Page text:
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Prevalence of Selected Bacterial Infections Associated with the Use of Animal Waste in Louisiana
Molecular Toxicology Research Laboratory, NIH-Center for Environmental Health, College of Science, Engineering and Technology, Jackson State University, 1400 Lynch Street, P.O. Box 18540, Jackson, Mississippi, USA
Louisiana State University Agricultural Experiment Station, Hill Farm Research Station, 11959 Highway 9, Homer, Louisiana, USA
* Author to whom correspondence should be addressed.
Received: 15 November 2004; Accepted: 6 February 2005 / Published: 30 April 2005
Abstract: Human health is a major concern when considering the disposal of large quantities of animal waste. Health concerns could arise from exposure to pathogens and excess nitrogen associated with this form of pollution. The objective was to collect and analyze health data related to selected bacterial infections associated with the use of animal waste in Louisiana. An analysis of adverse health effects has been conducted based on the incidence/prevalence rates of campylobacteriosis, E. coli O157:H7 infection, salmonellosis and shigellosis. The number of reported cases increased during the summer months. Analysis of health data showed that reported disease cases of E. coli O157:H7 were highest among Caucasian infants in the 0-4 year old age category and in Caucasian children in the 5-9 year old age category. Fatalities resulting from salmonellosis are low and increases sharply with age. The number of reported cases of shigellosis was found to be higher in African American males and females than in Caucasians. The high rate of identification in the younger population may result from the prompt seeking of medical care, as well as the frequent ordering of stool examination when symptoms become evident among this group of the population. The association with increasing age and fatality due to salmonellosis could be attributed to declining health and weaker immune systems often found in the older population. It is concluded that both animal waste and non-point source pollution may have a significant impact on human health.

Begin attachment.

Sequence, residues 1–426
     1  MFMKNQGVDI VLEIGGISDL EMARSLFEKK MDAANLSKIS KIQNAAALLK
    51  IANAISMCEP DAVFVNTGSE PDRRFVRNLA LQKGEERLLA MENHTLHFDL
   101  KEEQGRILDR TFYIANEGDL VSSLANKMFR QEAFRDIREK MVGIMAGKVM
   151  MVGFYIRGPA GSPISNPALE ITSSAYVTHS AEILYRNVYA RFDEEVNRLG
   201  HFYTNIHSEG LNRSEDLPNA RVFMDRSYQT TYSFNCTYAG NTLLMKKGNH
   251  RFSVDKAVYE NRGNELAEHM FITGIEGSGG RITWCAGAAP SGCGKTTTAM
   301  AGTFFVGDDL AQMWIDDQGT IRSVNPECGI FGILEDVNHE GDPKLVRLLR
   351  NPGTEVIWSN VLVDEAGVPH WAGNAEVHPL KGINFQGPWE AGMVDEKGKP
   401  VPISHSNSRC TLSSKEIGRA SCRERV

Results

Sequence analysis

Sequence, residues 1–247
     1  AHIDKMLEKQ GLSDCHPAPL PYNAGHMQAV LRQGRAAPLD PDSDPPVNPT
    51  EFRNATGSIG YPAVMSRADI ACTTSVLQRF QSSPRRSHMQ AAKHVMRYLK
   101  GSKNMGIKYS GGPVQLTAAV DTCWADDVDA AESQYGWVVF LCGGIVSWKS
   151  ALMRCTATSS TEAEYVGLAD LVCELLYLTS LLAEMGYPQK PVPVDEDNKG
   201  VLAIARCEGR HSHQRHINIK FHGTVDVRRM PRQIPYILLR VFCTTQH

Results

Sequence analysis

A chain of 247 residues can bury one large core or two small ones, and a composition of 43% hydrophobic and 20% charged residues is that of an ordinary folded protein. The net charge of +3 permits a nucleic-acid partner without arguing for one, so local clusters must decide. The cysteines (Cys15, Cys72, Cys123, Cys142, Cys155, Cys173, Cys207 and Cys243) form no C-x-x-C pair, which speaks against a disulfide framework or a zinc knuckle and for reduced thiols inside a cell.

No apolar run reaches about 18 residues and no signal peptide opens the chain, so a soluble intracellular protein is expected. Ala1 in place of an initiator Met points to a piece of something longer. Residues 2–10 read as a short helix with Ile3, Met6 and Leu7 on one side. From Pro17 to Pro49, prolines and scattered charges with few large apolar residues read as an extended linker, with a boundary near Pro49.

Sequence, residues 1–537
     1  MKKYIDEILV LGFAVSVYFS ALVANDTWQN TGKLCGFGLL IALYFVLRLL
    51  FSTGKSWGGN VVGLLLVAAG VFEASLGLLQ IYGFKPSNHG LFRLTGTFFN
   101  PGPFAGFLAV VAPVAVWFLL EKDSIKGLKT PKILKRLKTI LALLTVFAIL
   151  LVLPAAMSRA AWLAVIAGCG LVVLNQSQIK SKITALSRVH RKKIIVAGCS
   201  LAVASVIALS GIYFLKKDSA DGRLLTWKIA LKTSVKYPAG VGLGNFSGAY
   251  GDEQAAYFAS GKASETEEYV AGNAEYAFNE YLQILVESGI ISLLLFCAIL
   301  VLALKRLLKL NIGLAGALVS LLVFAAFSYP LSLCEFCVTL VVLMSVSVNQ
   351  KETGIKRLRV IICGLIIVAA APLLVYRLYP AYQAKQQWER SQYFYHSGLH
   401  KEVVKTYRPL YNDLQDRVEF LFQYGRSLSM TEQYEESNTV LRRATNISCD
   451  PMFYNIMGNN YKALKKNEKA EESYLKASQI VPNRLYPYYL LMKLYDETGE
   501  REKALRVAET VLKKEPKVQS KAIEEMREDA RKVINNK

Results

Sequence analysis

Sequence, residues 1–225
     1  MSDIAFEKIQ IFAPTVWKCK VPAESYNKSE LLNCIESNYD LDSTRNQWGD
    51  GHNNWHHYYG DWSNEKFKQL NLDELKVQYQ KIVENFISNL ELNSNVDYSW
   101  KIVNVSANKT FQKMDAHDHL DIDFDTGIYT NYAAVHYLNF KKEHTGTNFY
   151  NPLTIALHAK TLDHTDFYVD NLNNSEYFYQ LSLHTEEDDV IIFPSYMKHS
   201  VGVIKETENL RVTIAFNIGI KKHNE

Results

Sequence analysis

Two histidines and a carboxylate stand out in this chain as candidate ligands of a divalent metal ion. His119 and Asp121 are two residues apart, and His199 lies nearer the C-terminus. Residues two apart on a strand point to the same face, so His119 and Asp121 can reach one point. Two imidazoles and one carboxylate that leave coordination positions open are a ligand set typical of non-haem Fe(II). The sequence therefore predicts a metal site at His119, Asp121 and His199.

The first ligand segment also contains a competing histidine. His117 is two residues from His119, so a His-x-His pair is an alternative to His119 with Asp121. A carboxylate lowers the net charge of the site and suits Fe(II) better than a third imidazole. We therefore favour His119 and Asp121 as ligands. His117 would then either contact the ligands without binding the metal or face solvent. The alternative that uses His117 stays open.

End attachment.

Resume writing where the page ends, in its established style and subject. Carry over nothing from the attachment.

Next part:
Keywords: Non-point source pollution; campylobacteriosis; E. coli O157:H7; salmonellosis; shigellosis; runoff water; land application
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MDPI and ACS Style
Hill, D.D.; Owens, W.E.; Tchounwou, P.B. Prevalence of Selected Bacterial Infections Associated with the Use of Animal Waste in Louisiana. Int. J. Environ. Res. Public Health 2005, 2, 84-93.
Hill DD, Owens WE, Tchounwou PB. Prevalence of Selected Bacterial Infections Associated with the Use of Animal Waste in Louisiana. International Journal of Environmental Research and Public Health. 2005; 2(1):84-93.
Hill, Dagne D.; Owens, William E.; Tchounwou, Paul B. 2005. "Prevalence of Selected Bacterial Infections Associated with the Use of Animal Waste in Louisiana." Int. J. Environ. Res. Public Health 2, no. 1: 84-93.